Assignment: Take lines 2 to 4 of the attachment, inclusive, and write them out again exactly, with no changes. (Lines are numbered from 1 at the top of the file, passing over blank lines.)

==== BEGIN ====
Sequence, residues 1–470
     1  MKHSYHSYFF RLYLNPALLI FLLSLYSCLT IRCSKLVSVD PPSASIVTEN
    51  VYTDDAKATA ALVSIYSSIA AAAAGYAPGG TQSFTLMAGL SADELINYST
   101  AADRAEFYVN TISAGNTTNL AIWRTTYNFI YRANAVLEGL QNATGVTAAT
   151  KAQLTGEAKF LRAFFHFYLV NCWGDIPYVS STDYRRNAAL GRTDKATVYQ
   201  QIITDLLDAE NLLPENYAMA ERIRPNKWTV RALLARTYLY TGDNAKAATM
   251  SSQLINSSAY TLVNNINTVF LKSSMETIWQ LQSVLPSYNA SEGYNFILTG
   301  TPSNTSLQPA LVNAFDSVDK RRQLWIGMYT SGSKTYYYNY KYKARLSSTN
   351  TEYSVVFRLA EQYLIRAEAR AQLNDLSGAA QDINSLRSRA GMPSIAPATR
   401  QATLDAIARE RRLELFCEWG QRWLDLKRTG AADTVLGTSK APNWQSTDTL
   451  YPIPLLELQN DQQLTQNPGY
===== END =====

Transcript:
     1  MKHSYHSYFF RLYLNPALLI FLLSLYSCLT IRCSKLVSVD PPSASIVTEN
    51  VYTDDAKATA ALVSIYSSIA AAAAGYAPGG TQSFTLMAGL SADELINYST
   101  AADRAEFYVN TISAGNTTNL AIWRTTYNFI YRANAVLEGL QNATGVTAAT